States, layers and variables: What, when and why?
When developing in Articulate Storyline 360, States, Layers and Variables are a developers dream. Although, if you’re not familiar with Storyline 360, it can be hard to understand the difference between the three; when you’d use each and why you’d use them. So this blog is going to clear up the answer to exactly that.
Change appearances with states
Articulate describe states as:“States let you change the appearance of an object based on learners’ actions. For example, you might enlarge a button when learners hover over it or add a glow effect when they click it.”
So why, and when, would you use a state in Storyline 360?
States add extra depth to your eLearning courses. They provide visual stimulus and keep your learners engaged. There are three types of states; object, drag-and-drop and character expressions.
- As object states allow you to change the appearance of a specific object, they’re frequently used to show an action of some kind. For example, buttons come with built-in object states, such as ‘hover’ or ‘selected’. This provides your learner with a visual cue when they interact with your course.
- If you’re using a drag-and-drop interaction in your course, you have three more built-in states. In the same way as object states, they provide a visual indication to your learner about their actions. However, drag and drop states show your learner whether their action was right or wrong; with incorrect and correct states.
- Finally, character expressions can be a sure-fire way to bring your eLearning to life. Storyline 360’s built-in, illustrated characters have an array of expression states. You can give your character any expression, from confused to surprised – adding a depth to your eLearning course.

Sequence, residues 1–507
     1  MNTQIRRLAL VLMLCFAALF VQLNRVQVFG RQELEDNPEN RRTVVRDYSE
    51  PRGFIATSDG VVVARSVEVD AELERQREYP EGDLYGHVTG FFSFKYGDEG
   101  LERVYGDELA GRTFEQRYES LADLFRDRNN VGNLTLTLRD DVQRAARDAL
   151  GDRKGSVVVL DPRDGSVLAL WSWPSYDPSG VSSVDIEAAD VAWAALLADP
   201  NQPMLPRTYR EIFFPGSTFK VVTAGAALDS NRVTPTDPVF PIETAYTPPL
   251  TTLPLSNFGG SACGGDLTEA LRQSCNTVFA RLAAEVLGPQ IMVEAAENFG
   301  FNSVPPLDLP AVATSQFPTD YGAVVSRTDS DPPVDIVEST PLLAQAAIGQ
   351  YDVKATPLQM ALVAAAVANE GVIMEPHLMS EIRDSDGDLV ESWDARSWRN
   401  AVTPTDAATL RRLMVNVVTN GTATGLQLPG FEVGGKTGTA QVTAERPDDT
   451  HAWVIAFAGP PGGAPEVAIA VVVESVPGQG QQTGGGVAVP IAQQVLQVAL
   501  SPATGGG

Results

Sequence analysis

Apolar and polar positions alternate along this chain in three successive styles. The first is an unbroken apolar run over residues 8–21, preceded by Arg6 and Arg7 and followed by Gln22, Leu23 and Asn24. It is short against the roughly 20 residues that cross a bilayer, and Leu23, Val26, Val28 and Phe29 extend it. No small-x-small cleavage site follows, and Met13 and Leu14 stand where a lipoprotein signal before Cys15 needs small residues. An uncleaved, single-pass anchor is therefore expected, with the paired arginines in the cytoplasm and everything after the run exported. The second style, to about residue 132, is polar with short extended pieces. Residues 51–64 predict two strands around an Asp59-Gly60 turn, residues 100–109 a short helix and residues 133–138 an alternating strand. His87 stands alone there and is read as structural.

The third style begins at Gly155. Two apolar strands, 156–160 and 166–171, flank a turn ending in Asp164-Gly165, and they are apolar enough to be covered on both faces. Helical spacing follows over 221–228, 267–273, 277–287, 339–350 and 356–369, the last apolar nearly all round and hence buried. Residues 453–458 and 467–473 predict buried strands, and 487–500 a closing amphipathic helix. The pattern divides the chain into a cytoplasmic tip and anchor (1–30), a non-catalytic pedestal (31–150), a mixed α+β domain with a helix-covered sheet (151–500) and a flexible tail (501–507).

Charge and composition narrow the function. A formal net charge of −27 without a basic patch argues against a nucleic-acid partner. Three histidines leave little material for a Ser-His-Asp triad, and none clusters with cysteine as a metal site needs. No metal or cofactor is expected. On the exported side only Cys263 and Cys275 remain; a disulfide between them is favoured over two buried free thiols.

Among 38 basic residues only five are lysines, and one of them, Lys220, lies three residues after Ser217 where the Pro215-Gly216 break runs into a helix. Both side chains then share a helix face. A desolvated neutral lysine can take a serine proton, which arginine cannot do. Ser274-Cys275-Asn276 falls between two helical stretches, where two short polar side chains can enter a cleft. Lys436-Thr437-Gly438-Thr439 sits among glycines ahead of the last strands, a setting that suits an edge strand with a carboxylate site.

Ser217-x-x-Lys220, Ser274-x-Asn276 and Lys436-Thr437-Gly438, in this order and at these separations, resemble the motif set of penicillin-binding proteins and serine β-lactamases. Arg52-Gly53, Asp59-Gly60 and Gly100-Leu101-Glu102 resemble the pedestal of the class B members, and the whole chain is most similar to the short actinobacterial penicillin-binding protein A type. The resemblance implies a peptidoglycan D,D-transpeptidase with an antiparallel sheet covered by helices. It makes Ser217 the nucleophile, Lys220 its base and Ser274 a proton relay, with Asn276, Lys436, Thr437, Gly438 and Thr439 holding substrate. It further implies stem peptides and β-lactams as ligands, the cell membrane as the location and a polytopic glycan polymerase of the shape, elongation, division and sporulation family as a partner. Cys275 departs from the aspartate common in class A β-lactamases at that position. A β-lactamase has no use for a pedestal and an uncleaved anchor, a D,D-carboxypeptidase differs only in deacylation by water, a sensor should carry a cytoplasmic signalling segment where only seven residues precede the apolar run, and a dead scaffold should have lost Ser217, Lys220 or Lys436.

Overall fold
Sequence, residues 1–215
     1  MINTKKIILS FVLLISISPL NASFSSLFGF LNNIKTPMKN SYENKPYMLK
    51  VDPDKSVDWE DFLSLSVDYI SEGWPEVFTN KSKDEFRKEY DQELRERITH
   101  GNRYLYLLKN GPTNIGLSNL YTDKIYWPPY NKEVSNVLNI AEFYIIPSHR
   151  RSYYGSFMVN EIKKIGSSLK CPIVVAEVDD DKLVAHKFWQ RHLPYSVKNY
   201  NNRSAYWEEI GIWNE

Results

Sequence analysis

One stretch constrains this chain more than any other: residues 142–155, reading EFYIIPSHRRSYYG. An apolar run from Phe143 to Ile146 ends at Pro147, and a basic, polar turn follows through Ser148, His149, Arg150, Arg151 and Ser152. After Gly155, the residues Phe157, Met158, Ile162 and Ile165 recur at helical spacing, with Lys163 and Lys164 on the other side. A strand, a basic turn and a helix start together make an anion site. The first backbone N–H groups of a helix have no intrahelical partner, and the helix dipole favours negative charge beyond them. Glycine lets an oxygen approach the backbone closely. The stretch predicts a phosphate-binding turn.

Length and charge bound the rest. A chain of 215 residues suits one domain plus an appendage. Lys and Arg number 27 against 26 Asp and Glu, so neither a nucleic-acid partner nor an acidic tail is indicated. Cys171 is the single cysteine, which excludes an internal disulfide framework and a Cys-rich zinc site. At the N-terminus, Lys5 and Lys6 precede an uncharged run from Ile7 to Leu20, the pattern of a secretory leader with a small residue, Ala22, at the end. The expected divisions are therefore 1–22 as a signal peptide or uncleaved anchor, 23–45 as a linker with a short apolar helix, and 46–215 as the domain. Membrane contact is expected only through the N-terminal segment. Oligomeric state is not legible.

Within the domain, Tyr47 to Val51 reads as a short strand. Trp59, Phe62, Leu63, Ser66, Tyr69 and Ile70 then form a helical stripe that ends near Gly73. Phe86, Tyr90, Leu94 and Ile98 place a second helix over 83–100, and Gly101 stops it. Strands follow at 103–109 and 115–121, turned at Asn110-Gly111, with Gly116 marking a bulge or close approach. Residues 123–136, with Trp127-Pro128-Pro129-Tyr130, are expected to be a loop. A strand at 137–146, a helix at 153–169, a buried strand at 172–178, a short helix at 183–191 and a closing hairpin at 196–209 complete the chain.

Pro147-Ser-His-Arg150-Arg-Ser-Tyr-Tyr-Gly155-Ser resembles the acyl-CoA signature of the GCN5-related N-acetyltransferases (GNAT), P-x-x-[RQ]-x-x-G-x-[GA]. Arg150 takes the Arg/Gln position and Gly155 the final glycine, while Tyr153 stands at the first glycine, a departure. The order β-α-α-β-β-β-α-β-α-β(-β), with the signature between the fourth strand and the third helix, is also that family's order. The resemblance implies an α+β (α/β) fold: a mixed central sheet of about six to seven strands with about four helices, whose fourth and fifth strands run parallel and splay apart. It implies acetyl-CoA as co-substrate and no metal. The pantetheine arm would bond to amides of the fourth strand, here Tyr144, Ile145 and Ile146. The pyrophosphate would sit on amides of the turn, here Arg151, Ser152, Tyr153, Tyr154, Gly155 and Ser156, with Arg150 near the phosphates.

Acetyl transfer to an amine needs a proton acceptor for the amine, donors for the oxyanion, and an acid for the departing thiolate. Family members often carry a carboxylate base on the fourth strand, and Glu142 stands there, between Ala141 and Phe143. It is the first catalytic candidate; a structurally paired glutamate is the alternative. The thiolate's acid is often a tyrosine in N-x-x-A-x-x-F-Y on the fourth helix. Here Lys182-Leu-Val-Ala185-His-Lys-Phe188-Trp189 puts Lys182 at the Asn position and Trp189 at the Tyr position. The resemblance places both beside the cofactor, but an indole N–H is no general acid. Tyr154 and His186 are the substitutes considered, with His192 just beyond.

Show or hide content with layers
Layers allow you to show or hide content within one Storyline 360 slide. You’ll often find that slides have several layers, each showing different content. You can then prompt those layer to appear, or hide, with objects and triggers.
But why would you use layers in Storyline 360?
The most common example of layers the classic Tabbed Interaction:
In this example, you simply add the content from each tab onto a new layer. After you have your layers set up, you just need to add triggers to show the layer when the learner clicks on the relevant tab.
Remember information with variables
Variables remember information from a previous slide. For example, if a learner inputs their name on the first slide, you’d use a variable to recall their name throughout the course.
There are three types of variables in Storyline 360; Text, Number and True/False variables.
So, why would you use variables in Storyline 360?
As we’ve already mentioned, text variables are for recalling text based entries from a previous slide. For example, your learner’s name, or profession. (Fun fact, text variables can hold up to 32,767 characters!)
On the other hand, number variables do not necessarily recall entries. Number variables hold numeric values. For example, they can track the number of times an event has occurred, or perform mathematical calculations.
Finally, true/false variables are a fantastic tool for controlling learner progression. For example, you may not want a learner to be able to move on to the next slide until they’ve visited all objects on a slide.
(You can learn more about variables in our blog, here.)
So there you have it, a brief summary of states, layers and variables in Storyline 360. Hopefully this blog has cleared up any grey areas and will help you create interactive and engaging eLearning in the future.